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Retiring in 2018? Here Are 5 Tax Moves to Make Now

By Maurie Backman - Dec 10, 2017 at 7:18AM

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Congratulations, you're set to retire. But before you do, you may want to put some thought into your tax situation.

If you're gearing up for retirement, you probably have a number of questions on your mind. Where will you live? How will you spend your days? And how bad will your taxes be once you're no longer collecting a steady paycheck? If you want to set yourself up for a secure retirement and maximize your tax savings during your final year in the workforce, here are a few moves to get on -- immediately.

1. Ramp up your retirement plan contributions

If you're retiring next year, now's the time to pump as much money as you can into your IRA or 401(k). The current limits for workers 50 and over are $6,500 and $24,000, respectively, but come 2018, you'll get to put another $500 into your 401(k) for a total of $24,500. This means that if you aren't planning to retire until June 2018, you have another six months to fund your retirement and lower your taxes in the process. If you're retiring at the start of 2018, contribute as much as possible in December.

Senior couple embracing and smiling outdoors

IMAGE SOURCE: GETTY IMAGES.

Since traditional IRA and 401(k) contributions are tax-deductible, the more you put into your account at present, the less you'll pay the IRS on your 2017 return. And if you end up snagging a refund by virtue of sneaking more money into a tax-advantaged retirement plan this year, you can reinvest that cash and use it during your golden years.

2. Consider a Roth IRA conversion

Perhaps you earned too much money during your career to contribute directly to a Roth IRA. Or maybe you were eligible to contribute, but wanted the immediate tax break that came with funding a traditional account instead. No matter your circumstances, if you're about to retire, consider converting some of your current IRA funds into a Roth-style account. Though doing so won't help your taxes for the current year, it'll help you avoid taxes on some of your income in retirement.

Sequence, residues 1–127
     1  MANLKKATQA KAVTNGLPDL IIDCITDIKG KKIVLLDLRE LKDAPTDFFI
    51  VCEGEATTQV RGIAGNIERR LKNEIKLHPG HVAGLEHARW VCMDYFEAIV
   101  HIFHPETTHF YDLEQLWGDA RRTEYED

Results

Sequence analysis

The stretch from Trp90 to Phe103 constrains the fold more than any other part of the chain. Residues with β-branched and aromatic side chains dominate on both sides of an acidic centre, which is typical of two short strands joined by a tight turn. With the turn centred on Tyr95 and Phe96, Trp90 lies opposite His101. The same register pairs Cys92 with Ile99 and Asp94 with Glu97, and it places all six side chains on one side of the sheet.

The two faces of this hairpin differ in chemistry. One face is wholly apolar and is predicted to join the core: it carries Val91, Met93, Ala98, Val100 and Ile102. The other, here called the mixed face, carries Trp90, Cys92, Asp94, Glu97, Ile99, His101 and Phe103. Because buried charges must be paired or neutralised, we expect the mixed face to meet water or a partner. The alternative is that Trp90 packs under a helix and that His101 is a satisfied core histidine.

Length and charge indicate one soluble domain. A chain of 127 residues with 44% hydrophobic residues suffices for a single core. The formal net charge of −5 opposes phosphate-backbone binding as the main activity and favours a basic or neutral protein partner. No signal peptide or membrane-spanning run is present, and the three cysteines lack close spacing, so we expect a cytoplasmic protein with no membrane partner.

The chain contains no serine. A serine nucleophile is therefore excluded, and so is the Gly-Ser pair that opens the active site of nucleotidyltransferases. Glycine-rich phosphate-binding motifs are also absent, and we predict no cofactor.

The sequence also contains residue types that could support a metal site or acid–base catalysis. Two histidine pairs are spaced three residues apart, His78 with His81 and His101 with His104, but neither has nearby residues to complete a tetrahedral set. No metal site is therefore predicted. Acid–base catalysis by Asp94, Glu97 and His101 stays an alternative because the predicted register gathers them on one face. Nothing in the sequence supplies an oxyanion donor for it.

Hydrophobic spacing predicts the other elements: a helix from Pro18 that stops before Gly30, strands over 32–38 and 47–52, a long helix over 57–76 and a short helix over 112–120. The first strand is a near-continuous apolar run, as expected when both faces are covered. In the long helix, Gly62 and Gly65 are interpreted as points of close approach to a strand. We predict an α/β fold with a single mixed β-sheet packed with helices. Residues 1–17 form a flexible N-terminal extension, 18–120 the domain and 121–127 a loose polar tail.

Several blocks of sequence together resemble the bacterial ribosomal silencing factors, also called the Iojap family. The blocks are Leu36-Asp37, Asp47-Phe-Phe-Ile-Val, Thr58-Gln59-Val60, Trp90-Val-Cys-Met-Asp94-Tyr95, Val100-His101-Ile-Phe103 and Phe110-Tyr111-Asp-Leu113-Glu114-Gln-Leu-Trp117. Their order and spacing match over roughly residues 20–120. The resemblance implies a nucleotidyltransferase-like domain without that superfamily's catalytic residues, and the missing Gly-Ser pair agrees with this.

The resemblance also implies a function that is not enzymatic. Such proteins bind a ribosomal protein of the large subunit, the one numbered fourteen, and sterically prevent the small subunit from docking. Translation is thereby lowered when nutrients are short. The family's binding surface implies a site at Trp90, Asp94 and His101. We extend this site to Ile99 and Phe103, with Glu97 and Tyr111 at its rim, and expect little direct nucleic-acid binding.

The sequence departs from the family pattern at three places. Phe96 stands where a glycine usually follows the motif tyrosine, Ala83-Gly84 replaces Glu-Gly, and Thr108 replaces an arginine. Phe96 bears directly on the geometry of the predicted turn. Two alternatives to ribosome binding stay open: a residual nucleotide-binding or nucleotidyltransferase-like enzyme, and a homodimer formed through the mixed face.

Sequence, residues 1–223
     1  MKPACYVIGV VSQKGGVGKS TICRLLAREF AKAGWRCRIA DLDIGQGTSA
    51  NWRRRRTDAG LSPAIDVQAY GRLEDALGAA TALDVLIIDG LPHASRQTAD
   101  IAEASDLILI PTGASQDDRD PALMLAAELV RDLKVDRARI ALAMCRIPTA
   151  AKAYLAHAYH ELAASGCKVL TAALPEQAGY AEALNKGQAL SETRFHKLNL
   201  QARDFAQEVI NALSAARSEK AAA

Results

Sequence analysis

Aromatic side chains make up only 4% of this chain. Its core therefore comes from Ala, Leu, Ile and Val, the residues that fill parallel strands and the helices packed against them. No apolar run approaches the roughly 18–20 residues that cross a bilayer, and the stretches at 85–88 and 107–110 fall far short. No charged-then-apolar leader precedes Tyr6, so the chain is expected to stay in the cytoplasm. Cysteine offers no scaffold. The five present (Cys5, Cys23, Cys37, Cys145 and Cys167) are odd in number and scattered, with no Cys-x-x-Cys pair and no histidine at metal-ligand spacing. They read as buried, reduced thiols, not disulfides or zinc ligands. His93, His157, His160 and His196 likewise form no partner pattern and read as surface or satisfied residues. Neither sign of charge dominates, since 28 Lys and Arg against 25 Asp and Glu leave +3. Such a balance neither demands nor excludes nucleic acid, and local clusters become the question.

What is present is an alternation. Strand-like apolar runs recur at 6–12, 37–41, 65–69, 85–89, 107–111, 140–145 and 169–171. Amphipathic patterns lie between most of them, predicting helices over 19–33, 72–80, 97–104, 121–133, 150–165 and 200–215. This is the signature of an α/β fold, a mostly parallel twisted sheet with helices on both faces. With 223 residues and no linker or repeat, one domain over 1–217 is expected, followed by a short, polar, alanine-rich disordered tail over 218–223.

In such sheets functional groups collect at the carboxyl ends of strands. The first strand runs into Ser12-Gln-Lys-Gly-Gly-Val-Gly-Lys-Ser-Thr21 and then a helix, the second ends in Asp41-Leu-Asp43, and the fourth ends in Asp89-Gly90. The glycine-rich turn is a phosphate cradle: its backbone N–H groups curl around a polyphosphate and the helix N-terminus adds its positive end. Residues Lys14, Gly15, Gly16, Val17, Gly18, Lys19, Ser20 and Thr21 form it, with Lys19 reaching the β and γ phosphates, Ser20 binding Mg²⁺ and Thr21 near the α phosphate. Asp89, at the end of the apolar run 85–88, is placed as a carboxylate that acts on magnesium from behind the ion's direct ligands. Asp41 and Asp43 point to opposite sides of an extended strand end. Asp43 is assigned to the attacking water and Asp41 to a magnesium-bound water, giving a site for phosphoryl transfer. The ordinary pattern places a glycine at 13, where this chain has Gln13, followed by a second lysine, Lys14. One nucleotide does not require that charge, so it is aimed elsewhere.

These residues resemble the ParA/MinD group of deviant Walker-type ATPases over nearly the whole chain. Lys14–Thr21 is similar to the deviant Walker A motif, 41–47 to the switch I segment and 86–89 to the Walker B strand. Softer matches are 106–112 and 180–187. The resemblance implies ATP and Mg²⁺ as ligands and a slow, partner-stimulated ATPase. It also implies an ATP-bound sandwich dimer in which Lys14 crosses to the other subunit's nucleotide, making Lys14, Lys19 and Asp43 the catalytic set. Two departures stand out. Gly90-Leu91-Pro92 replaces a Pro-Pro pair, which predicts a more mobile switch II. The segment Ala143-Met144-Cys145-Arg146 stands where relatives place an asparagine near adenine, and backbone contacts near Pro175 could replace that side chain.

Remember, whereas traditional IRA withdrawals are subject to taxes in retirement, Roth withdrawals are always taken tax-free. If you do a conversion now, you'll have to pay the associated taxes -- but you may be in a decent position to do so if you're still working and earning a salary. And this way, you'll buy yourself more flexibility down the line.

3. Pay off your mortgage

If you're nearing retirement and still have mortgage debt, you should aim to pay it off before you bring your career to a close. Not only is it good to enter retirement mortgage-free, but if you accelerate your payments to knock out your home loan balance by the end of the year, you'll have more mortgage interest to write off on your 2017 taxes. And you might as well take that deduction now, when you're still working and conceivably have a higher income and associated tax burden, than next year, when you're retired and your tax bill will likely be lower to begin with.

4. Take advantage of loser investments

If you're holding poorly performing investments in a traditional brokerage account, it pays to unload them before the year is up and lower your 2017 taxes in the process. Any time you sell investments at a loss, you can use that loss to offset capital gains, thus reducing your IRS bill. Furthermore, if you don't have any taxable gains to show for, you can instead use your investment loss to offset your regular income.

Why rush to sell off underperforming investments now? It's the same logic as above -- your 2017 tax bill will likely be higher than your 2018 bill if you're working this year but retiring next. It therefore pays to reap those added tax savings when you need them the most.

5. Get your facts straight on required minimum distributions

If you're retiring next year and you're nowhere close to 70, you won't have to worry about required minimum distributions (RMDs) for quite some time. But if you'll be turning 70 1/2 shortly after retirement, you'll need to understand how RMDs work.

In a nutshell, once you turn 70 1/2, you're required to withdraw a specific amount from your traditional IRA or 401(k) each year. That amount will be based on your savings balance and life expectancy at the time. (Roth accounts don't impose RMDs, which is another reason to consider a conversion, like we talked about above.) If you don't end up taking your RMD in full, you'll be penalized to the tune of 50% of whatever amount you fail to withdraw. That's why it's crucial to read up on RMDs and understand what's expected of you.

Retirement is an exciting milestone to look forward to, and the right tax moves this year could set the stage for a successful start. Follow these tips, and with any luck, you'll enter retirement from an even stronger place financially.

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